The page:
Atlas Moth

From Nookipedia, the Animal Crossing wiki
Jump to navigation Jump to search


Atlas Moth
Atlas Moth NH.png
Real-world info
Name: Attacus atlas
Family: Saturniidae
Main appearances
Other appearances
Name in other languages

Japanese ヨナグニサン
Simplified Chinese 皇蛾
French Attacus Atlas
Spanish Polilla atlas
Italian Farfalla cobra
Russian Павлиноглазка атлас

Korean 아틀라스나방
Traditional Chinese 皇蛾
Quebec French Attacus Atlas
Latin American Spanish Polilla atlas
German Atlasspinner
Dutch Atlasvlinder


The Atlas Moth is a relatively rare insect found on trees during spring and summer nights. It is a huge moth that is similar to the Oak Silk Moth from previous games, for which it is a replacement.

Catch details[edit]

In New Horizons[edit]

#14

Atlas Moth
"I caught an Atlas moth! I bet it never gets lost!"

Time of Year North: Apr – Sep
South: Oct – Mar
Time of Day 7 PM – 4 AM
Location On trees (any kind)
Rarity
Total Catch 20
Selling Prices Nook's Cranny NH Map Icon.png Nook's Cranny99k Bells NH Inv Icon cropped.png 3000 Bells
Flick NH Character Icon.png Flick99k Bells NH Inv Icon cropped.png 4500 Bells
Tank Size 1.0 x 1.0

Donating to the museum[edit]

In New Horizons[edit]

Blathers has this to say about the Atlas moth:

"The Atlas moth is a monstrous thing! Not only is it one of the largest moths in the world...The tips of its wings look rather like the heads of venomous snakes! Despite its largeness and loathsome looks, the adult Atlas moth lives only for a few days. It emerges from its cocoon without a mouth, you see...and so cannot eat. I feel for the poor thing... but it is still foul!"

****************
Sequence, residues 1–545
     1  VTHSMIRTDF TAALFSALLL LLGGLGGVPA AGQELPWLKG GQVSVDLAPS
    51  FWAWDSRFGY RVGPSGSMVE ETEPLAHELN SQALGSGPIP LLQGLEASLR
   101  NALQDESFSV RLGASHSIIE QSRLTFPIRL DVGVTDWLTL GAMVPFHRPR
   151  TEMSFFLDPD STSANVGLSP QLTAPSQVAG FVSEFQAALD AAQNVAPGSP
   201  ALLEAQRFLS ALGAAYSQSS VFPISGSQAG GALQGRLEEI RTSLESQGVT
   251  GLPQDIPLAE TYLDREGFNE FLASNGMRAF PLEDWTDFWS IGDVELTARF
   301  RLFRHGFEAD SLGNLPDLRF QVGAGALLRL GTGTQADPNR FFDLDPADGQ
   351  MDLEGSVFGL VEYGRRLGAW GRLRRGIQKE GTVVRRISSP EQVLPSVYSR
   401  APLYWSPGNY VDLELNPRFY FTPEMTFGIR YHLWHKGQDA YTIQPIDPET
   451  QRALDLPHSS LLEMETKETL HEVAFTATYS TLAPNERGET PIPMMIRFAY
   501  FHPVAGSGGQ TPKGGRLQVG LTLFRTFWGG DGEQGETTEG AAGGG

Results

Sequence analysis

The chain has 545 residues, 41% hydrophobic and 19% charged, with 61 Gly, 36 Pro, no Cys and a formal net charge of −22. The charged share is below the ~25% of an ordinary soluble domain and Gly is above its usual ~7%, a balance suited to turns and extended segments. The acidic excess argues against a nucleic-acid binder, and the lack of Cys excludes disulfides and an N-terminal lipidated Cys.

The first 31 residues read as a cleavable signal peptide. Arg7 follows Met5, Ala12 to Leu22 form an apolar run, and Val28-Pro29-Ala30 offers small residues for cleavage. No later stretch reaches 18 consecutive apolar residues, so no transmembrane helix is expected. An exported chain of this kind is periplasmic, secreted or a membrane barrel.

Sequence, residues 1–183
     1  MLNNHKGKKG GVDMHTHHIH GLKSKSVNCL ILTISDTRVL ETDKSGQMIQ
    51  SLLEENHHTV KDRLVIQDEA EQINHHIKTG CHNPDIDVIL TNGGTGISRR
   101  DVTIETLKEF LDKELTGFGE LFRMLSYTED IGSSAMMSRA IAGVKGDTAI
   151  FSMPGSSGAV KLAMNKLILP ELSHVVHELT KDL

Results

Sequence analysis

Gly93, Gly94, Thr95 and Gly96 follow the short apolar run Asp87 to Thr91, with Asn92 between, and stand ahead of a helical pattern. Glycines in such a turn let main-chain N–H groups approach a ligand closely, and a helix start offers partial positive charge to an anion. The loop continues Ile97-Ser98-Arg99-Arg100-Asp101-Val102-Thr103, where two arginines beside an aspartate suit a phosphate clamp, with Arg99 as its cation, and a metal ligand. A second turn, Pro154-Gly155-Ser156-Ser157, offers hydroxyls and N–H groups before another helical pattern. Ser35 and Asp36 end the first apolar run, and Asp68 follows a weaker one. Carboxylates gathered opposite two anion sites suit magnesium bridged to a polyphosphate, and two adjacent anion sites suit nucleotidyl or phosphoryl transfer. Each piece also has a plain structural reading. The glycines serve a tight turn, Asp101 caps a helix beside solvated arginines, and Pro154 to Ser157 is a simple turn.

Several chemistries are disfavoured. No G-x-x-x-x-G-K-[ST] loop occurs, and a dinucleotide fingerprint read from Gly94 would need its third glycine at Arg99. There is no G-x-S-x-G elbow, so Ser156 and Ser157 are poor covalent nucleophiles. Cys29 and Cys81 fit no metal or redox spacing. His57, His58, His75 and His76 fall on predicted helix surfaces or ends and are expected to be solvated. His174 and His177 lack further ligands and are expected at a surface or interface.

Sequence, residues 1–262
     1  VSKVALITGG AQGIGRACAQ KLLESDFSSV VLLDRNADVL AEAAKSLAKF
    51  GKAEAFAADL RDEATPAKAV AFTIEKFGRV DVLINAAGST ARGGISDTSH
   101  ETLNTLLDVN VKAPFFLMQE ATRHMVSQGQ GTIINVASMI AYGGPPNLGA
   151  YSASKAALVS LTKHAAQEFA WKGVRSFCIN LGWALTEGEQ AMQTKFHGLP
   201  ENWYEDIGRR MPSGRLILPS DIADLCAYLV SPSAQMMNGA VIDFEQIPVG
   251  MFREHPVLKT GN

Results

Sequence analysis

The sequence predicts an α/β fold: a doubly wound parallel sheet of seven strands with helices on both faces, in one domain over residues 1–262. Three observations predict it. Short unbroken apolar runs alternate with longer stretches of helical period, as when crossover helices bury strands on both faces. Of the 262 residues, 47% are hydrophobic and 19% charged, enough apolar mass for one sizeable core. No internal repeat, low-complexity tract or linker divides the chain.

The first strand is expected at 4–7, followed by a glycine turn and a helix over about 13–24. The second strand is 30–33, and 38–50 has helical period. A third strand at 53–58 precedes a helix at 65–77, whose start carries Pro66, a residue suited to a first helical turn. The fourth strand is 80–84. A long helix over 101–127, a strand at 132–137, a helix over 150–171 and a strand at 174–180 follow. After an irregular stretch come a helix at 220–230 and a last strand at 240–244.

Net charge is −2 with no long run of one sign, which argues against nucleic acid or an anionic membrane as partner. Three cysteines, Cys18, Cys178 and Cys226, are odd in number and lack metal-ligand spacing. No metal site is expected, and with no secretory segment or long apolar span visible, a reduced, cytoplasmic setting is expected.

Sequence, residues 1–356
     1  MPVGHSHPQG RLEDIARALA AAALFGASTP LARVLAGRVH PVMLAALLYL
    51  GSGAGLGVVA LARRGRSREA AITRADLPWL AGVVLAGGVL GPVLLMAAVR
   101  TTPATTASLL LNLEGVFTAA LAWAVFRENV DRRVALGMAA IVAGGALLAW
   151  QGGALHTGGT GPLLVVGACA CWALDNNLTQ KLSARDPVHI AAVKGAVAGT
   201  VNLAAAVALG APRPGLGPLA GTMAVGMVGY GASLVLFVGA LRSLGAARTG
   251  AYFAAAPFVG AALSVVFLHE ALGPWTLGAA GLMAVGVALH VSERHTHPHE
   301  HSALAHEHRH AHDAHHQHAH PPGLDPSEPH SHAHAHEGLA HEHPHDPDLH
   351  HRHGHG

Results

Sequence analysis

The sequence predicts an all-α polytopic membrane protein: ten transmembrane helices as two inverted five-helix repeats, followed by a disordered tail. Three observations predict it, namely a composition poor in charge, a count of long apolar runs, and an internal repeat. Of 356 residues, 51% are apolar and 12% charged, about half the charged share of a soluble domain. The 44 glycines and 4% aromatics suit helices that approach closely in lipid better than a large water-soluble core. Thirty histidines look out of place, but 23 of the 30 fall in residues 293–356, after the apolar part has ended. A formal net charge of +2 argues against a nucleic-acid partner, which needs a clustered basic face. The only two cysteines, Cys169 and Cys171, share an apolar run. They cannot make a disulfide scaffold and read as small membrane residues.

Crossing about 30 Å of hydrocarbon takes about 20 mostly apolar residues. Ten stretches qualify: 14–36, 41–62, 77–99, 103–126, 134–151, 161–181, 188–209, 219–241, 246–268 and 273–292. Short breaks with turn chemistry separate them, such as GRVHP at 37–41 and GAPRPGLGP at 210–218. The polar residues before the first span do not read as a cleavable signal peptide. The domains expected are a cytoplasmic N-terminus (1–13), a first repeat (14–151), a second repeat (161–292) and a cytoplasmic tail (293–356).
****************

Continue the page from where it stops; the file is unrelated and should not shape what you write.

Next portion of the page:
Commissioning a model[edit]

In Animal Crossing: New Horizons, if the player brings three Atlas Moths to Flick to commission a model, he will say the following:

"R-really? You want a sculpture of an Atlas moth? The ghost who flutters like a bug? Their brief lives are a tragedy that no one will ever hear, for they have no mouths to tell it! I promise this will be my silent-est masterpiece, and I shall title it The Grand Atlas Moth!"

Real-world information[edit]

The Atlas moth is one of the largest lepidopterans with a wingspan measuring up to 24 cm (9.4 in) and a wing surface area of about 160 cm2 (~25 in2). It is only surpassed in wingspan by the white witch (Thysania agrippina) and in wing surface area by the Hercules moth (Coscinocera hercules). As in most Lepidoptera, females are noticeably larger and heavier than males, while males have broader antennae.

The body is disproportionately small compared to the wings. The upperside of the wings are reddish brown with a pattern of black, white, pink, and purple lines and triangular, scale-less windows bordered in black. The undersides of the wings are paler. Both forewings have a prominent extension at the top.

The Atlas moth has no mouth; every flight takes valuable energy and can take days off their already short lives, as it has a very short life span of only one to two weeks. They conserve energy by flying as little as possible. A female will wait for a male to come along and be fertilised, lay eggs and die.

Atlas moths are a saturniid moth, a group that includes the famous luna moth. Despite what their common name suggests, they are only distant cousins of the domestic silk moth (Bombyx mori) which belong to the family Bombycidae. Small Wikipedia logo.png More information on this topic is available at Wikipedia.

Names in other languages[edit]

Japanese ヨナグニサン
yonagunisan
Name of subspecies A. atlas ryukyuensis, lit. "Yonaguni silkmoth"

Korean 아틀라스나방
ateullaseunabang
Atlas moth

Simplified Chinese 皇蛾
huáng-é
Atlas moth (lit. "royal moth")

Russian Павлиноглазка атлас
Pavlinoglazka atlas
Atlas moth

Dutch Atlasvlinder Atlas moth

German Atlasspinner Atlas moth

European Spanish Polilla atlas Atlas moth

European French Attacus Atlas From scientific name

Italian Farfalla cobra Atlas moth (lit. "cobra butterfly")